1 Samuel 26:29). God dealt this way with his Son: Christ himself went into glory by suffering (Hebrews 2:10); and if God so deals with his own Son, much more with his people.

A little before daybreak you will observe it is darker than it was any time before, so God will make our conditions a little darker before the mercy comes. When God bestowed the last great mercy at Naseby* we were in a very low condition; God knew what he had to do beforehand, he knew that his time was coming for great mercies: it is the way of God to do so. [*In 1645, the parliamentary army won a decisive victory against the Royalists at Naseby, Northamptonshire. The messages which comprise this book were preached by Burroughs in that year.] Be instructed aright in this course and way that God is accustomed to walk in and that will greatly help us to contentment.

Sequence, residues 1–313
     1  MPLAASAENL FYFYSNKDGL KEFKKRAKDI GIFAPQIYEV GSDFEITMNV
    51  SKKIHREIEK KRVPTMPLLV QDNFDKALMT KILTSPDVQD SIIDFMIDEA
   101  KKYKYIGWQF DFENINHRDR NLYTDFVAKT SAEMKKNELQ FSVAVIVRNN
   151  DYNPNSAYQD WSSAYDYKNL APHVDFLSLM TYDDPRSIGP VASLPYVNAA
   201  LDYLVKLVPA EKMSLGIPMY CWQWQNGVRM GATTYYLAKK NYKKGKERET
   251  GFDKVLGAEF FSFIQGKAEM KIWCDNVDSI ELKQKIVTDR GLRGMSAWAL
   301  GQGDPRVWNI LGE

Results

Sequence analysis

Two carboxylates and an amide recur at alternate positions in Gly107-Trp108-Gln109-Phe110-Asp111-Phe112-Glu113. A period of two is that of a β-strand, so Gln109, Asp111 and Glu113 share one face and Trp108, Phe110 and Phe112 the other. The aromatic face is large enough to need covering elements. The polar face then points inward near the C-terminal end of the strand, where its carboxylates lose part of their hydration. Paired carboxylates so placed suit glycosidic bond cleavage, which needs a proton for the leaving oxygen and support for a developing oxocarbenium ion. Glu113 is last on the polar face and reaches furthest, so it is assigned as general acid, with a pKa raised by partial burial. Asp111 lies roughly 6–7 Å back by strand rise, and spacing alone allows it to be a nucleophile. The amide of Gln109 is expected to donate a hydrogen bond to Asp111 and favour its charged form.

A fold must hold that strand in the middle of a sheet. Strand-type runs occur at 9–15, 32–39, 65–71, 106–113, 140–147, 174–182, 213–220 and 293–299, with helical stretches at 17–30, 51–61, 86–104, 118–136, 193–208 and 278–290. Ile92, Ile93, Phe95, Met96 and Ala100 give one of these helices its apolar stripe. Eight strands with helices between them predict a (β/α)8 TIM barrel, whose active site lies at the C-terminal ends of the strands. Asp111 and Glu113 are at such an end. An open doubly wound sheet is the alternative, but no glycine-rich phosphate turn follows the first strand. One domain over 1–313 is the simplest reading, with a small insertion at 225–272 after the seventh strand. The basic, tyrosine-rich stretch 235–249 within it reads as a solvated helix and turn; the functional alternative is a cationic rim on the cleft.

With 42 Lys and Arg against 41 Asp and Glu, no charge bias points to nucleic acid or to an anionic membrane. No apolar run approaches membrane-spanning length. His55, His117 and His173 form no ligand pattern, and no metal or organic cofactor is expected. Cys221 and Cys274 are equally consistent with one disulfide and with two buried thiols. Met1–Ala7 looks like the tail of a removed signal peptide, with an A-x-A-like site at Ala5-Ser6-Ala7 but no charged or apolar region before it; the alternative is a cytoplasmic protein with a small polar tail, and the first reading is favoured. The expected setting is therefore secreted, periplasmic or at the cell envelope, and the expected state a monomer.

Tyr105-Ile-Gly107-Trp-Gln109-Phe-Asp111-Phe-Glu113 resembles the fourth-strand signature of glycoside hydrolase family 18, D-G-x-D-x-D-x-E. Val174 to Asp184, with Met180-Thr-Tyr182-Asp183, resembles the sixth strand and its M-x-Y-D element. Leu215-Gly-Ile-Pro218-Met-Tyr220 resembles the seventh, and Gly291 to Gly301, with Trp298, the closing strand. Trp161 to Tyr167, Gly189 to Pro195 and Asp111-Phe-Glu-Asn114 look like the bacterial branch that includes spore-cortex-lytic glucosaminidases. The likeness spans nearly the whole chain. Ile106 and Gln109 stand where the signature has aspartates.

To grant great good after great evil is one thing, and to turn great evil into the greatest good is another, and yet that is God's way: the greatest good that God intends for his people, he many times works out of the greatest evil, the greatest light is brought out of the greatest darkness. I remember, Luther has a striking expression for this: he says, 'It is the way of God: he humbles that he might exalt, he kills that he might make alive, he confounds that he might glorify.' This is the way of God, he says, but every one does not understand it. This is the art of arts, and the science of sciences, the knowledge of knowledges, to understand this, that God when he will bring life, brings it out of death, he brings joy out of sorrow, and he brings prosperity out of adversity, yea and many times brings grace out of sin, that is, makes use of sin to work furtherance of grace. it is the way of God to bring all good out of evil, not only to overcome the evil, but to make the evil work toward the good. Now when the soul comes to understand this, it will take away our murmuring and bring contentment into spirits. But I fear there are but few who understand it aright; perhaps they read of such things, and hear such things in a sermon, but they are not instructed in this by Jesus Christ, that this is the way of God, to bring the greatest good out of the greatest evil.